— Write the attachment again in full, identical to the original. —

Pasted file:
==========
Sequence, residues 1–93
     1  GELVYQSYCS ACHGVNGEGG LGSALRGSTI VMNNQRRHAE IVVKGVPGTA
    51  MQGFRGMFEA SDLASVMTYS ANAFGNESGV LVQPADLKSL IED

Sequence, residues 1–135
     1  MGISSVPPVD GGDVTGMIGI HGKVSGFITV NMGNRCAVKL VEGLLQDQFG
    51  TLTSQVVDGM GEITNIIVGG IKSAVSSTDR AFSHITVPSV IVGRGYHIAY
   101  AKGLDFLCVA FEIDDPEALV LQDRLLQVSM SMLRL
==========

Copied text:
Sequence, residues 1–93
     1  GELVYQSYCS ACHGVNGEGG LGSALRGSTI VMNNQRRHAE IVVKGVPGTA
    51  MQGFRGMFEA SDLASVMTYS ANAFGNESGV LVQPADLKSL IED

Sequence, residues 1–135
     1  MGISSVPPVD GGDVTGMIGI HGKVSGFITV NMGNRCAVKL VEGLLQDQFG
    51  TLTSQVVDGM GEITNIIVGG IKSAVSSTDR AFSHITVPSV IVGRGYHIAY
   101  AKGLDFLCVA FEIDDPEALV LQDRLLQVSM SMLRL